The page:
I forgot to post the review here since it's part of the festival. It'll go up on the regular site tomarrow.
Mission: Impossible III
Written and Directed
by J.J. Abrams
One of these days we’re going to have an action film where the plot is actually interesting. There comes a point where just blowing stuff up just doesn’t cut it. This doesn’t mean that I’m against doing that in movies, I love a really good explosion, what I don’t like is a tiresome story that appears that Alex Kurtzman, Roberto Orci and the redoubtable J.J. Abrams took about ten minutes to write the first draft of this sucker. At least they kind of admitted it when they had
super-spy Ethan Hunt (Tom Cruise) say: “There comes a time when bold becomes stupid.” Truer words were rarely said.
We start with what might be called: The “how’d we get here?” introduction. Ethan is chained to a chair and is sitting across from his significant other Julia(Michelle Monaghan), who is in the same predicament, as über-villian Owen Davian(Philip Seymour Hoffman) prances around threatening to shoot Julia and then use his nifty enema bomb to blow up our hero’s head—>cut to the burning fuse and the “duh-duh-DUH-da, duh-duh-DUH-da” Theme music.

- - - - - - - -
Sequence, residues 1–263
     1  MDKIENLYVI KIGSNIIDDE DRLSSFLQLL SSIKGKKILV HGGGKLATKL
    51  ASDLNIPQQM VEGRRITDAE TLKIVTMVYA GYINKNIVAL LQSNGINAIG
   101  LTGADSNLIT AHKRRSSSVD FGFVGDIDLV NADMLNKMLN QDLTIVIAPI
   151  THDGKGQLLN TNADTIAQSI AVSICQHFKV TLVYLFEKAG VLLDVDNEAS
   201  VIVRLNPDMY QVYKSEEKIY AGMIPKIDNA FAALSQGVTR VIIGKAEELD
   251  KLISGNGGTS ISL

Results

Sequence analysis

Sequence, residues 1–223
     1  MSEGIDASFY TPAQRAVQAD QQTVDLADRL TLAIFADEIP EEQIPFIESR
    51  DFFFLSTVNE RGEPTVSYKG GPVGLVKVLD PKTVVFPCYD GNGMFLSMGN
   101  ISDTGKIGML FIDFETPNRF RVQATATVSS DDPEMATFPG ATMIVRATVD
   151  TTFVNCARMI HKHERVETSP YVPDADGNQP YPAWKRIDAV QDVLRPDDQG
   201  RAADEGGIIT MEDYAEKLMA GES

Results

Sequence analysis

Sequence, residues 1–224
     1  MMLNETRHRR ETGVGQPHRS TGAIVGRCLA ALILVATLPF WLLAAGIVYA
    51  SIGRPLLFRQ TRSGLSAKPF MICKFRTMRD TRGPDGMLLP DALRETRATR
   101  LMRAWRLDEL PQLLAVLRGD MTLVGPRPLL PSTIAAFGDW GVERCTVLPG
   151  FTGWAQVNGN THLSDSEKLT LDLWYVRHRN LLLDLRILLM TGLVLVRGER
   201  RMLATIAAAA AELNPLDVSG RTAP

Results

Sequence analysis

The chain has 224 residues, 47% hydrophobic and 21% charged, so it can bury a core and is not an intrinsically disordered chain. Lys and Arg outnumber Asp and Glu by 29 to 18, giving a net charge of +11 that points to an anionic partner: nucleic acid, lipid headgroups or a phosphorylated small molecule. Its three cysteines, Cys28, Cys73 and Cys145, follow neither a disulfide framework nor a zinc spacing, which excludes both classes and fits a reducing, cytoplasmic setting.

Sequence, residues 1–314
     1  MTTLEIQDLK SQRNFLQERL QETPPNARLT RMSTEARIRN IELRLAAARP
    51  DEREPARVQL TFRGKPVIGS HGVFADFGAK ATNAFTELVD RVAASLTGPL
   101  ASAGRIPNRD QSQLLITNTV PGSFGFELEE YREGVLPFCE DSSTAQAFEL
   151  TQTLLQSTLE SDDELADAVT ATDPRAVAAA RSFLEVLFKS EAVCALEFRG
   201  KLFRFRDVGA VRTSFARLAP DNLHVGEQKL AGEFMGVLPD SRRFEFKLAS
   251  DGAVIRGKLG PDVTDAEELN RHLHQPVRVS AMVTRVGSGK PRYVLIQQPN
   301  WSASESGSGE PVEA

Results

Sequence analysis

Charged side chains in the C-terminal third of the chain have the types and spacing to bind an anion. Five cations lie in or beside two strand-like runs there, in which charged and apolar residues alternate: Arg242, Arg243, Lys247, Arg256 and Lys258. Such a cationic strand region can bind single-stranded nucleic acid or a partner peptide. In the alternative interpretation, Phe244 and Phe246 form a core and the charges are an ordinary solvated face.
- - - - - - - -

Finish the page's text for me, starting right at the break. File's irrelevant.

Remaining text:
Apparently, Ethan is semi-retired and is about to get married to Julia, when his boss Musgrave (Billy Crudup) gives him a call and gives him the usual package. Apparently they’ve decided not to disavow agent Lindsey Ferris(Keri Russell) and instead have our hero and his usual team: Luther (Ving Rhames) Dermot (Jonathan Rhys Meyers) and Zhen (Hong Kong star Maggie Q) head off to Berlin to recover her. We’ve got lots of explosions, but not the one we wanted. It’s okay to have Lindsey get killed at the last minute, but why not have her head actually explode when the enema bomb goes off? That would have been cool!!
We finally get to see the IMF headquarters, something that allegedly didn’t exist before, and there’s also internal politics between Musgrave and his boss Brassel (Laurence Fishburne) as well as IMF’s version of Q (Simon Pegg), who’s got some of the best lines in the film. There should have been more of that.
We go from Virginia to Berlin to the Vatican to Shanghai, where we get to see ancient Roman art blown up for little or no reason, to full scale war on the Chesapeake bay bridge. The writers at least acknowledge that the media might have noticed something that big.
But this is pure fantasy, and as such it’s completely unoriginal. The acting is professional, as one would expect, and we know that it’s going to make a ton of money because attendance is mandatory.
If you’re in the demographic, you should only see it once, at a bargain matinee, and forget getting the video. If you’re not, don’t bother at all.